The yen should be much weaker against the U.S. dollar in the long run based on fundamentals, Nouriel Roubini, Chairman & Co-Founder Roubini Global Economics told CNBC on Tuesday.
"Japan is going to need significant depreciation of the yen to increase its net exports because domestic demand is going to be anemic for a while. Therefore on a fundamental basis, the yen is going to be much weaker rather than stronger because you need improvement of external balance given the shock to the domestic economy," he said.
Another factor that would pressure the yen, according to Roubini, would be Japan's need to undertake a massive reconstruction effort. That in turn would further increase the country's fiscal deficit.
"The BOJ will have to decide whether they want to monetize this additional fiscal deficit...I think if there's going to be a much larger fiscal deficit, the BOJ might be induced to potentially buy more long term bonds," said Roubini.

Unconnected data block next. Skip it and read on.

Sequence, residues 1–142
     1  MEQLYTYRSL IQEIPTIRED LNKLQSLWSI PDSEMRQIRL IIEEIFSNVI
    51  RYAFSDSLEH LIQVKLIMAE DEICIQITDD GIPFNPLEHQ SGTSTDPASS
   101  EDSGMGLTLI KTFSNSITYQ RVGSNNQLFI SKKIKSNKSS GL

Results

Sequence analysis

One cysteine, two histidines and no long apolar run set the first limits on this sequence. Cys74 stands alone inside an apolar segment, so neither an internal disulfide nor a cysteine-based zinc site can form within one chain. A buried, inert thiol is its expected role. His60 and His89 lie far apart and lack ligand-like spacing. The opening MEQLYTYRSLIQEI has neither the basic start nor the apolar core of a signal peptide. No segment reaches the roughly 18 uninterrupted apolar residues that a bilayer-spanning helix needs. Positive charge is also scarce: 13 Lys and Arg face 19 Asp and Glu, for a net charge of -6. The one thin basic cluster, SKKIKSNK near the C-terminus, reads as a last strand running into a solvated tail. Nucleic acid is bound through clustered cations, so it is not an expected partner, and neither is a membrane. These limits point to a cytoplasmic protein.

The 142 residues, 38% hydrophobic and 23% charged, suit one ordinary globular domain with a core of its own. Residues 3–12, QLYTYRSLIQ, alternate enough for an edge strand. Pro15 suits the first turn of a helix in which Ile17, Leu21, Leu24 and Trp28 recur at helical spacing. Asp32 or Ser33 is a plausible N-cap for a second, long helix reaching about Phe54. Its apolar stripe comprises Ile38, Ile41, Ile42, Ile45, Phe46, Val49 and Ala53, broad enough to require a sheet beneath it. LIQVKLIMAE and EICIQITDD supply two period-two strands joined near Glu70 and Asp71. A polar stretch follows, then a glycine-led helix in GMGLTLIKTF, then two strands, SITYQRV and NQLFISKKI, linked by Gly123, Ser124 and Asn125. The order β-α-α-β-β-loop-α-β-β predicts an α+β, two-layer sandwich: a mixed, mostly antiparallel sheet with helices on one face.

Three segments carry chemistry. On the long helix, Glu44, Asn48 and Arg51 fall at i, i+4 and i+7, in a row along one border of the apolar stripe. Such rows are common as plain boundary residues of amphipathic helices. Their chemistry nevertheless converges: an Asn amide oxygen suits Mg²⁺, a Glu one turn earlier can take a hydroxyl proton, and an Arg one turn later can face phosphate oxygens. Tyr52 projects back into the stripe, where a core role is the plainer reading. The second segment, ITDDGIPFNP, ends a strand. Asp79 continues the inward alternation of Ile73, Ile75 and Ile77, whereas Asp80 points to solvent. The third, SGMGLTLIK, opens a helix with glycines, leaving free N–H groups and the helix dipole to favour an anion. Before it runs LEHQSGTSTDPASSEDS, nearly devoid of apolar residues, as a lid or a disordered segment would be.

Japan's budget deficit currently stands at around 10 percent of GDP and its debt burden is around 200 percent, the highest in the industrialized world.
Roubini said authorities in Japan needed to be fully transparent in order to stem uncertainty and panic. And while there was still a lot of uncertainty, this crisis could present Japan with the opportunity to undergo a radical shake-up.
"Sometimes in a moment of crisis ...the economic and political system reacts to the shock by actually having a radical change in its own economic policies, that might be the time for that to happen," he concluded.